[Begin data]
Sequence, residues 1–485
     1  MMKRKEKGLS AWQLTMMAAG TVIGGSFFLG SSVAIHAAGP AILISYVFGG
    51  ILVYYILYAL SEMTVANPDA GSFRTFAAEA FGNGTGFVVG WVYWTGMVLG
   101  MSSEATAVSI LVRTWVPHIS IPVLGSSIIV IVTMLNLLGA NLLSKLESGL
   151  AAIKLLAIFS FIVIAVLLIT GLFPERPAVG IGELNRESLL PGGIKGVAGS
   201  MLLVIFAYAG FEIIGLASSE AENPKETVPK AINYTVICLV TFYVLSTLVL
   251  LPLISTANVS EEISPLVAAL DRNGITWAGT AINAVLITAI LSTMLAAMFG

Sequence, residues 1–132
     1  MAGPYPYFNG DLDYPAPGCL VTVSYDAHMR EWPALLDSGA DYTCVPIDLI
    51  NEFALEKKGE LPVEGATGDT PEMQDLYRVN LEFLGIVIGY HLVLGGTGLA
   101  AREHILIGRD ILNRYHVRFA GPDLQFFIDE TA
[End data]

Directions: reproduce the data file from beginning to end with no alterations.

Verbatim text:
Sequence, residues 1–485
     1  MMKRKEKGLS AWQLTMMAAG TVIGGSFFLG SSVAIHAAGP AILISYVFGG
    51  ILVYYILYAL SEMTVANPDA GSFRTFAAEA FGNGTGFVVG WVYWTGMVLG
   101  MSSEATAVSI LVRTWVPHIS IPVLGSSIIV IVTMLNLLGA NLLSKLESGL
   151  AAIKLLAIFS FIVIAVLLIT GLFPERPAVG IGELNRESLL PGGIKGVAGS
   201  MLLVIFAYAG FEIIGLASSE AENPKETVPK AINYTVICLV TFYVLSTLVL
   251  LPLISTANVS EEISPLVAAL DRNGITWAGT AINAVLITAI LSTMLAAMFG

Sequence, residues 1–132
     1  MAGPYPYFNG DLDYPAPGCL VTVSYDAHMR EWPALLDSGA DYTCVPIDLI
    51  NEFALEKKGE LPVEGATGDT PEMQDLYRVN LEFLGIVIGY HLVLGGTGLA
   101  AREHILIGRD ILNRYHVRFA GPDLQFFIDE TA